Noise has always been present in control valves.It is a natural side effect of the turbulence and
energy absorption inherent in control valves. This chapter will address how noise is created, why it can be a problem, and methods to attenuate noise created in control valves.
The major problem with industrial noise is its affect on humans. Companies usually build town border stations on sites remote from residential developments. Isolation, however, is not always possible, and noise prevention is a must. The U.S. Occupational Safety and Health Act
(OSHA) establishes maximum permissible noise levels for all industries whose business affects
interstate commerce. These standards relate allowable noise levels to the permissible exposure
time. Notice in table 6-1 that the maximum permissible levels depend upon the duration of
exposure. For example, the maximum sound level a person should be exposed to for an eight hour day is 90 dBA. These maximum sound levels have become the accepted noise exposure standard for most regulatory agencies. Thus, they have become the standard by which much noise generating equipment has been specified and measured .
Decibels (dB) are a measure to give an indication of loudness. The “A” added to the term indicates the correction accounting for the response of the human ear. The sensitivity of our ears to sound varies at different frequencies. Applying this “A” correction is called weighting, and the corrected noise level is given in dBA.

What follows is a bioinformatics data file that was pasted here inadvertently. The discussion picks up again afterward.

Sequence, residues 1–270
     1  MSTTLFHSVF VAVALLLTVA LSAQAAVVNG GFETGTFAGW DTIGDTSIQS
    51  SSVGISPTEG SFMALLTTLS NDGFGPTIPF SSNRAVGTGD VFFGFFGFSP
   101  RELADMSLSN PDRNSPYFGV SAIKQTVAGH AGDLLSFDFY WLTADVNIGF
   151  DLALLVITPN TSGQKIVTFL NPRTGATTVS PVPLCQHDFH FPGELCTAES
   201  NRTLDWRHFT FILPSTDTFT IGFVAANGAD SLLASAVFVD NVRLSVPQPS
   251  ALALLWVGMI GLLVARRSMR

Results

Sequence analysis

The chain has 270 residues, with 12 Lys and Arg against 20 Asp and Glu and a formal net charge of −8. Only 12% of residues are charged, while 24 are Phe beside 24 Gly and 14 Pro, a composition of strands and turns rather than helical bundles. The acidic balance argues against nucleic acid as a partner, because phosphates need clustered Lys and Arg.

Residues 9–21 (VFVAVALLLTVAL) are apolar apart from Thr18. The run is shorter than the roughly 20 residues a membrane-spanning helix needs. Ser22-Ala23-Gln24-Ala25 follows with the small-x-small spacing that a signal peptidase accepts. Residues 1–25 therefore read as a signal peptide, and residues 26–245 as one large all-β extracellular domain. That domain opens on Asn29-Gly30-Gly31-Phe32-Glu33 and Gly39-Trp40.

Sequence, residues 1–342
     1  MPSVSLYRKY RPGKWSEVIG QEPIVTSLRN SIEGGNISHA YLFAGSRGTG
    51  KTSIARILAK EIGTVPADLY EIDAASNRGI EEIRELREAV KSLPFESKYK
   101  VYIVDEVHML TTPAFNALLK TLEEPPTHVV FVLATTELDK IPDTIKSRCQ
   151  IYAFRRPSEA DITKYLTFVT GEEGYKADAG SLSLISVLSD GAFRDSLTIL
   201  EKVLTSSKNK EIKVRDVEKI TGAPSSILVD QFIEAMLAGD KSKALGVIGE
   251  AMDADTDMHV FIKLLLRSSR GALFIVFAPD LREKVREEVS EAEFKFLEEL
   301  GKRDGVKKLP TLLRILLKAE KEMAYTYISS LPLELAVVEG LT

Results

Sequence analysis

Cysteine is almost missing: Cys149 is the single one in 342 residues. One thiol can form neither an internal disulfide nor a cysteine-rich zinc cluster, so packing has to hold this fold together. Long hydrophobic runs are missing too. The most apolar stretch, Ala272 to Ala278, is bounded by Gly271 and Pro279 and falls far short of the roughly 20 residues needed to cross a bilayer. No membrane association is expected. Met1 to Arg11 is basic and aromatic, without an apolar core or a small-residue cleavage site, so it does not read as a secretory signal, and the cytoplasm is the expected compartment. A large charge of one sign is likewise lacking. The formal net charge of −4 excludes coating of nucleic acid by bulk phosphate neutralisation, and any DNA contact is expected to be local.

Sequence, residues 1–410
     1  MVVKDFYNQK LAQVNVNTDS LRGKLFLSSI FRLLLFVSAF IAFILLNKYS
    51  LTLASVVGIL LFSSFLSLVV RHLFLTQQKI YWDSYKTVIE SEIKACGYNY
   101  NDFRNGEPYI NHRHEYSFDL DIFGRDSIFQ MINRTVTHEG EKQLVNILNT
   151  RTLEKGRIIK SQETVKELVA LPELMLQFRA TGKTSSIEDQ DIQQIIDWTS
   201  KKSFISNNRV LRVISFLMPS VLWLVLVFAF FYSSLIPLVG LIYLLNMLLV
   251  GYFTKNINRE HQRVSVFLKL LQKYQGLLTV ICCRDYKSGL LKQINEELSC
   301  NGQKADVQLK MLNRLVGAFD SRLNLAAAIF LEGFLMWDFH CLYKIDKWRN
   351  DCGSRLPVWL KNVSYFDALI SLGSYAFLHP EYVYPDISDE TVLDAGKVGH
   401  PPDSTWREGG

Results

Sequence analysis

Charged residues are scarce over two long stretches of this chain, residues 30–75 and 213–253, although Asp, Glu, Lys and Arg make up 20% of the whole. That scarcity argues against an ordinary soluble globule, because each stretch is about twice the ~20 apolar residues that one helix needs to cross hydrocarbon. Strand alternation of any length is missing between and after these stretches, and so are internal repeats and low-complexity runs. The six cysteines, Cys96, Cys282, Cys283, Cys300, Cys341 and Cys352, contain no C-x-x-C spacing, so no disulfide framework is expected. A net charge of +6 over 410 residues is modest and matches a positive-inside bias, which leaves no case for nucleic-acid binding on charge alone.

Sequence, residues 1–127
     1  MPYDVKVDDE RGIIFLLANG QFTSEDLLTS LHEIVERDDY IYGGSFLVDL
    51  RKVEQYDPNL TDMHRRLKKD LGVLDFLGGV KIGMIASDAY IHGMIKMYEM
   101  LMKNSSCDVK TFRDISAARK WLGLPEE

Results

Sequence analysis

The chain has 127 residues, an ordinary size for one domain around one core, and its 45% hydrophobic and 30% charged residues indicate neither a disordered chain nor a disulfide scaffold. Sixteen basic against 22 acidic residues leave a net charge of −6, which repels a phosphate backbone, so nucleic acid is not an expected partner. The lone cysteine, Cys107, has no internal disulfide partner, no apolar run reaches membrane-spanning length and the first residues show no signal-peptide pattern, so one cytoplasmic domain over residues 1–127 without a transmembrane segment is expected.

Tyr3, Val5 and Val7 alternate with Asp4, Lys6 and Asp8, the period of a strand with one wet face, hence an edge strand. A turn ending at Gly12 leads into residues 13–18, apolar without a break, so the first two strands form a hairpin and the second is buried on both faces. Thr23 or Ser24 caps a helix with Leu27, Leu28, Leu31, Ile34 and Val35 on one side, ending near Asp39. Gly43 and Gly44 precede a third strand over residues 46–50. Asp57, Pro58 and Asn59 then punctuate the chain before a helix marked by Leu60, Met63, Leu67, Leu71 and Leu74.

The A-weighting factor at any frequency is determined by how loud noise sounds to the
human ear at that particular frequency compared to the apparent loudness of sound at 1000 hertz.At 1000 hertz the A-weighting factor is zero, so if the sound pressure level is 105 dB, we say it sounds like 105 dB. On the other hand, if we listen to a sound at 200 hertz with a sound pressure level of 115 dB, it sounds more like 105 dB. Therefore, we say that the A-weighted loudness of the noise with a sound pressure level of 115 dB is 105 dBA. Essentially, if two or more sounds with different sound pressure levels and frequencies sound like the same loudness, they have the same dBA, regardless of what their individual, unweighted
sound pressure levels may be. The effect of A-weighting on control valve noise
depends upon the flowing medium since each develops its own characteristic spectrum. Noise
levels for hydrodynamic noise, or liquid flow noise, have appreciable energy at frequencies below 600 hertz. When the levels are A-weighted, it makes the low frequency terms more meaningful and the government standards somewhat more difficult to meet.
On the other hand, aerodynamic noise levels produced by steam or gas flow are the same in
either dB or dBA. This is because aerodynamic noise occurs primarily in the 1000 to 8000 hertz
frequency range. The human ear has a fairly flat response in the frequency range of 600 to 10,000 hertz, and the A-weighting factor is essentially zero in this range. Thus, there is negligible difference between the dB and dBA ratings .